In recent years, ERISA fiduciary litigation has increasingly focused on excessive plan fees and expenses. There has been an increase in class action litigation by plan participants who are basically saying that their employer’s 401(k) plan charged them too much—and the plan fiduciaries should have shopped around and found better deals. Those can be huge lawsuits. In some, the employer has ended up being on the hook for reimbursing retirement accounts for millions—sometimes hundreds of millions—of dollars.

Often, businesses will carry directors and officers (D&O) liability ERISA fiduciary insurance as a hedge against personal liability exposure. However, those policies might not be sufficient when it comes to ERISA fiduciary litigation. D&O policies may not cover ERISA-related liability at all, or there may be special provisions, such as requiring executives to get annual fiduciary training. Even if there is coverage, it might be woefully inadequate compared to the size of the plan or the risks involved.

Up Next: Health Plans Under ERISA

The United States spends approximately $3 trillion a year on health care, making the oversight of company health plans an attractive target for plaintiffs. Such plans have been covered by ERISA since it was passed, but over the course of four decades, there has been comparatively little litigation on that front. However, that has been changing with rapidly rising health care costs and the implementation of the Affordable Care Act. These factors prompted employers to collect cost-sharing premiums from employees or become self-insured, thus creating a new target for ERISA fiduciary breach actions.

The plaintiffs’ bar is now arguing that those employee premiums and other costs, such as co-pays, types of coverage, pharmacy rebates, should be considered protected ERISA plan assets, and that every decision a plan sponsor makes with respect to use of those plan assets is a fiduciary decision. Fiduciaries overseeing health plans have to be exceptionally careful to follow the same golden rule that follow with retirement plans under ERISA, i.e., to ensure what they do is solely in the best interest of participants.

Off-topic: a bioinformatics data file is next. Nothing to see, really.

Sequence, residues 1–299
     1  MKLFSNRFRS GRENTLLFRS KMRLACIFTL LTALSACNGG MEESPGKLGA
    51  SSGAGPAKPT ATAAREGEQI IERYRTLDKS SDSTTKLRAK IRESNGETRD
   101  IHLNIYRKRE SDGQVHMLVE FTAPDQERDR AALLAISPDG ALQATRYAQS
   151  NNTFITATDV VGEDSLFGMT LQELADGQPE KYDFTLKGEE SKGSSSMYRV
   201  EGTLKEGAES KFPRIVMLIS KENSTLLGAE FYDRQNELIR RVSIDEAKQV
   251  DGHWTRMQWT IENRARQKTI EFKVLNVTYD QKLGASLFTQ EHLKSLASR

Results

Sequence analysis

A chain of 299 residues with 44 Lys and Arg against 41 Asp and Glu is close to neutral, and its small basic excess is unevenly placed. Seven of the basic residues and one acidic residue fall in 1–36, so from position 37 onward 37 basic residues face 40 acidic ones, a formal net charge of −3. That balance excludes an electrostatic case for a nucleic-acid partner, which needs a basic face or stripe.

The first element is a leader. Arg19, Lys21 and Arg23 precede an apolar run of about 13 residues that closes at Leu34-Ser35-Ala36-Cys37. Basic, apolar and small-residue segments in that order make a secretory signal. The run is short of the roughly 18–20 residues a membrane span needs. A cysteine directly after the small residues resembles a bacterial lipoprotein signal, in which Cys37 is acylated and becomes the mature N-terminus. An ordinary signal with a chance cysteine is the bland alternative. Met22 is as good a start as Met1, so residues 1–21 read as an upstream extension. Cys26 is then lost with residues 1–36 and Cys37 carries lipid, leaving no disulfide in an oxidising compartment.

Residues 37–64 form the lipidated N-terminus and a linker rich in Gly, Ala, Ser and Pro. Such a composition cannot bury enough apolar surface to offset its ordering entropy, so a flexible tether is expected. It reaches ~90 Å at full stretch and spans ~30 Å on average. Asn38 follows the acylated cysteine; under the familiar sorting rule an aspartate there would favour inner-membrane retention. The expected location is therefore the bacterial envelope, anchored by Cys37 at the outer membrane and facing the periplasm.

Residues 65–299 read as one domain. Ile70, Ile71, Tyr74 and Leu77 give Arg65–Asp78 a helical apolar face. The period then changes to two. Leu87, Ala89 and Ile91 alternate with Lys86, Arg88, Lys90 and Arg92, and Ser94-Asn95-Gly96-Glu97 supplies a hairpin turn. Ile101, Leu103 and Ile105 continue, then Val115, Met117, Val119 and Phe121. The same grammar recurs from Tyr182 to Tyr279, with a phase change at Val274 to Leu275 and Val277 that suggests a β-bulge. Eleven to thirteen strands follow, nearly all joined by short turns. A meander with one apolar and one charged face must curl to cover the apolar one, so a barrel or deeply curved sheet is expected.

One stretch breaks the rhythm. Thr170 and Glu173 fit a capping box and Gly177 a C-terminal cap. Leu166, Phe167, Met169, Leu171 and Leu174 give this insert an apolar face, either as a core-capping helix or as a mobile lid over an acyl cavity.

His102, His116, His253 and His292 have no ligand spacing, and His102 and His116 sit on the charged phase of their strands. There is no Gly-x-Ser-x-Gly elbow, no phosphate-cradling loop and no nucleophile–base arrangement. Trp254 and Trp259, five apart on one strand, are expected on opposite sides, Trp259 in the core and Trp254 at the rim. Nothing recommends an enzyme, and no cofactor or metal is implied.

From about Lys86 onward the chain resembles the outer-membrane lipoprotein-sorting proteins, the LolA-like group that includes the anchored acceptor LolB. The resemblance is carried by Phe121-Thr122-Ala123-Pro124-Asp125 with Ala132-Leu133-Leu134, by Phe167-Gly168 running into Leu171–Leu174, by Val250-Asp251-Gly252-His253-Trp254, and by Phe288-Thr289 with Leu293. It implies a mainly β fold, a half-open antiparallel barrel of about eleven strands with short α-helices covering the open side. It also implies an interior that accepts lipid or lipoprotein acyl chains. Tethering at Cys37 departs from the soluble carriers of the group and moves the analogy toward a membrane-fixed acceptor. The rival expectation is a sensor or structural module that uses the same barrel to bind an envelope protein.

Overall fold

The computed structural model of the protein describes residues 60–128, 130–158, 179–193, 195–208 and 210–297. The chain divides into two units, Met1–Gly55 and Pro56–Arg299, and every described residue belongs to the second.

Looking ahead, fiduciaries’ decisions about monitoring costs and who they appoint and hire to administer health plans will be important drivers of ERISA litigation. The best protection for employers is to demonstrate that they have undertaken regular and in-depth compliance reviews of retirement and health plans. That means providing proof that the plan sponsor has reviewed plan documentation for compliance with applicable law, undertaken review of governance and delegation of authority structures, provided external fiduciary training, and demonstrated regular monitoring and benchmarking. In general, companies need to make sure that their fiduciaries perform due diligence and follow clear decision-making processes.

With the increasing emphasis on personal liability, companies also need to make sure that people in those roles are qualified to act as fiduciaries—a factor that may be getting more scrutiny. In September 2018, after losing a class action lawsuit against New York University over the handling of retirement funds, the plaintiffs turned around and sued for the removal of two fiduciaries on the retirement committee —an action based on the court’s ruling that noted that the two individuals lacked the capabilities needed to effectively oversee the plan.